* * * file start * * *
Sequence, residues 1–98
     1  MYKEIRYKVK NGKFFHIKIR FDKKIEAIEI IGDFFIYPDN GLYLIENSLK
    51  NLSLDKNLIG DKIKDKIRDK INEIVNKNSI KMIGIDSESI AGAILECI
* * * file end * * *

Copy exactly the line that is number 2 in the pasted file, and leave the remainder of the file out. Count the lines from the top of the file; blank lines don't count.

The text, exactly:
     1  MYKEIRYKVK NGKFFHIKIR FDKKIEAIEI IGDFFIYPDN GLYLIENSLK